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The Scrap Book, Volume 1, No. 3 May 1906   By:

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THE SCRAP BOOK.

Vol. I. MAY, 1906. No. 3.

MARK TWAIN'S IDEAL GENTLEMAN.

On the arms of the Prince of Wales are the words Ich dien "I serve." Thus he who stands next to the English king expresses in terms of service that gentle and knightly rank which is typified by his high position.

Speaking to a New York audience a few weeks ago, Mark Twain made passing reference to the communications which he receives from strangers who ask for his counsel or advice. "Here is such a request," he said. "It is a telegram from Joplin, Missouri, and it reads: 'In what one of your books can we find the definition of a gentleman?' I have not answered that telegram," he continued. "I couldn't. It seems to me that if any man has just, merciful, and kindly instincts, he will be a gentleman, for he will need nothing else in this world."

Taking from his pocket a letter from William Dean Howells, the speaker went on:

"I received the other day a letter from my old friend, William Dean Howells Howells, the head of American literature. No one is able to stand with him. He is an old, old friend of mine, and he writes me: 'To morrow I shall be sixty nine years old.' Why, I am surprised at Howells writing that. I have known him longer than that. I'm sorry to see a man trying to appear so young. Let's see, Howells says now, 'I see you have been burying Patrick. I suppose he was old, too.'"

There was silence. For a short time the great humorist and humanitarian stood there apparently oblivious to his audience, reminiscence working in his heart. Then, with spontaneous eloquence, he delivered the following noble tribute, which must rank among the loftier expressions of democracy Mark Twain's conception of an ideal gentleman:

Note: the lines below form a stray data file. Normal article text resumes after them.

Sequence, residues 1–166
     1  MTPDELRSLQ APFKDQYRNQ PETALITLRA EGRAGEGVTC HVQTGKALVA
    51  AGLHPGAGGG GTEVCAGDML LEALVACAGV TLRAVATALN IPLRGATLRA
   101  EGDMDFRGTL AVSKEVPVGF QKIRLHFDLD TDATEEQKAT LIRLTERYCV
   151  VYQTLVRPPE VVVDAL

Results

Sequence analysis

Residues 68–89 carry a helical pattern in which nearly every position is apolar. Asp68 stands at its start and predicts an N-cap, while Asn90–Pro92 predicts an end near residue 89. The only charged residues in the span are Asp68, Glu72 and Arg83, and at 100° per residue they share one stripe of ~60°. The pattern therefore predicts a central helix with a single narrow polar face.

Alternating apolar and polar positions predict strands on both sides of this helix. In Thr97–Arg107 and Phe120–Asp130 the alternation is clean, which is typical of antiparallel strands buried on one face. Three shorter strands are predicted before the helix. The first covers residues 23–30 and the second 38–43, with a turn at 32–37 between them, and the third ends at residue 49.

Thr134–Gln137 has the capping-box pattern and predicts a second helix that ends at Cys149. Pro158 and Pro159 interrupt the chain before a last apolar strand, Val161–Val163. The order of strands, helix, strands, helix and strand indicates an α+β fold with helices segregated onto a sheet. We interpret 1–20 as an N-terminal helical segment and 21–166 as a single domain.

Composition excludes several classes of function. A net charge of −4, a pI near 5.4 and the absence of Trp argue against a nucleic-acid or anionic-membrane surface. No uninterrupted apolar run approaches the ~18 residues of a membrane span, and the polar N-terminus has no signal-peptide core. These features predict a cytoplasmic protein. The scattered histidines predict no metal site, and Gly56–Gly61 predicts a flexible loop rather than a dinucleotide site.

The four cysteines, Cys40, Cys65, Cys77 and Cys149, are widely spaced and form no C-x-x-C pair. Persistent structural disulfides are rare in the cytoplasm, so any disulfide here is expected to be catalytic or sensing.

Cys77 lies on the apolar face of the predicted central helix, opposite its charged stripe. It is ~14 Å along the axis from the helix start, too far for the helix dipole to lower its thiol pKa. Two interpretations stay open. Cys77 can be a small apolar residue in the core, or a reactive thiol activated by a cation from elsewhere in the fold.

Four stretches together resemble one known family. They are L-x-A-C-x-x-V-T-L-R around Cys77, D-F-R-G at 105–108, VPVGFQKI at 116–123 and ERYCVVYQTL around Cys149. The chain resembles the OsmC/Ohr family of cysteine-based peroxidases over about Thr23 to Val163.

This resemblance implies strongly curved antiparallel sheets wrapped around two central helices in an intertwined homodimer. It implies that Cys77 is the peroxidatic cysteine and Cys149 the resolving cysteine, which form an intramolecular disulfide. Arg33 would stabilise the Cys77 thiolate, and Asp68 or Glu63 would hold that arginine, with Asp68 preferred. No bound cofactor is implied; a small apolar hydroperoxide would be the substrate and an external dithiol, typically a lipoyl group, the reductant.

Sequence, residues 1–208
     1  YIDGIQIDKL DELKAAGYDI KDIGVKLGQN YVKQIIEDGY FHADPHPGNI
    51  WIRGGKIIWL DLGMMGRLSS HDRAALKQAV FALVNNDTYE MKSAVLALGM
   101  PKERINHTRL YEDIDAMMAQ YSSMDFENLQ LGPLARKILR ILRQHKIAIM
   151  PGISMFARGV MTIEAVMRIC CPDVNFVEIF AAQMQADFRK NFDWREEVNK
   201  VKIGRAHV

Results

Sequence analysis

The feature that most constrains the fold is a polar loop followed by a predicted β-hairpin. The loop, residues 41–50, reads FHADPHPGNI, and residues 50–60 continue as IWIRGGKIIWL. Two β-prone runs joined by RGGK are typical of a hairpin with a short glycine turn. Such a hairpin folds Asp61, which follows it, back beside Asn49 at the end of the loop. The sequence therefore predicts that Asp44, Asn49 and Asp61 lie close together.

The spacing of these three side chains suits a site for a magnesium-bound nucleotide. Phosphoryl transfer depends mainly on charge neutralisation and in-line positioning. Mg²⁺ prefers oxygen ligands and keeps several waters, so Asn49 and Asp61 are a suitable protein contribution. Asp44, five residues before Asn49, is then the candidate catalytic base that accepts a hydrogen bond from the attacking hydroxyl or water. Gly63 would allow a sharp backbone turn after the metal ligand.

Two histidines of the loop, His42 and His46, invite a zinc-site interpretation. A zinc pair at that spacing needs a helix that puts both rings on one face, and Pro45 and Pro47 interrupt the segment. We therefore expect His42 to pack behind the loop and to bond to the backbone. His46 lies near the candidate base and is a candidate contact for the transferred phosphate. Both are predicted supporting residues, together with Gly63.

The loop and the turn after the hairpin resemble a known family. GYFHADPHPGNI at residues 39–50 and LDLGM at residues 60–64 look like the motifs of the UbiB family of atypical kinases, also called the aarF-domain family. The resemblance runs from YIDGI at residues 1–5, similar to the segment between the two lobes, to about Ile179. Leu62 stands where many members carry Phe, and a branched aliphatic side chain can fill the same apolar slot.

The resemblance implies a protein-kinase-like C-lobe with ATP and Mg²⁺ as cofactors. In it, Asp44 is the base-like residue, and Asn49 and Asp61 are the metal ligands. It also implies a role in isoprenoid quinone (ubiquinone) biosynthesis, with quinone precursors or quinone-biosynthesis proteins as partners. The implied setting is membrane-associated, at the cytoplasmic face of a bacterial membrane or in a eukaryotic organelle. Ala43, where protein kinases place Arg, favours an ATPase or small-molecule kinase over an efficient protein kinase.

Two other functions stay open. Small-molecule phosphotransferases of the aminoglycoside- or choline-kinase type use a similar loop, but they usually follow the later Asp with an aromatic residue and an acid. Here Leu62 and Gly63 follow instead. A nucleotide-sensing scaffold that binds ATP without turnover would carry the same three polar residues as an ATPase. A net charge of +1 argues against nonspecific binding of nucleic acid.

"No, he was never old Patrick. He came to us thirty six years ago. He was my coachman on the morning that I drove my young bride to our new home. He was a young Irishman, slender, tall, lithe, honest, truthful, and he never changed in all his life. As the children grew up he was their guide. He was all honor, honesty, and affection. He was with us last summer, and his hair was just as black, his eyes were just as blue, his form just as straight, and his heart just as good as on the day we first met. In all the long years Patrick never made a mistake. He never needed an order; he never received a command. He knew. I have been asked for my idea of an ideal gentleman, and I give it to you Patrick McAleer."

The Latest Viewpoints of Men Worth While

Stuyvesant Fish Says That Americans Are Wasteful, While Pastor Wagner Praises Our National Character John D. Rockefeller, Jr., and Professor Fagnani Discuss Joseph's Corner in Corn Thomas F. Ryan Holds That Opportunity to Win Wealth is Necessary to Industrial Progress Andrew Carnegie as the Financier of Spelling Reform With Other Opinions of Representative Men on Questions of the Time.

Compiled and edited for THE SCRAP BOOK.

A PLEA FOR THE HIGHER ECONOMY.

Unnecessary Waste is the Crying Evil in All Our Business Administration, Says Stuyvesant Fish.

"The Higher Economy" is the theme upon which Stuyvesant Fish, the well known president of the Illinois Central Railroad, discourses in the Arena for March. Mr. Fish is a solid figure in finance. His idea of economy is not parsimony, but thrift the prevention of waste. The higher economy, he points out, is needed in the household, in the state, and in the management of corporations. First, he speaks of waste in the household:

No one will question that our people are spendthrifts, earning money freely and wasting it to such an extent as to make it proverbial that what is thrown out of our kitchens would support a frugal people in almost any country in Europe.

Conditions in local, State, and Federal government are much in need of reform, continues Mr... Continue reading book >>


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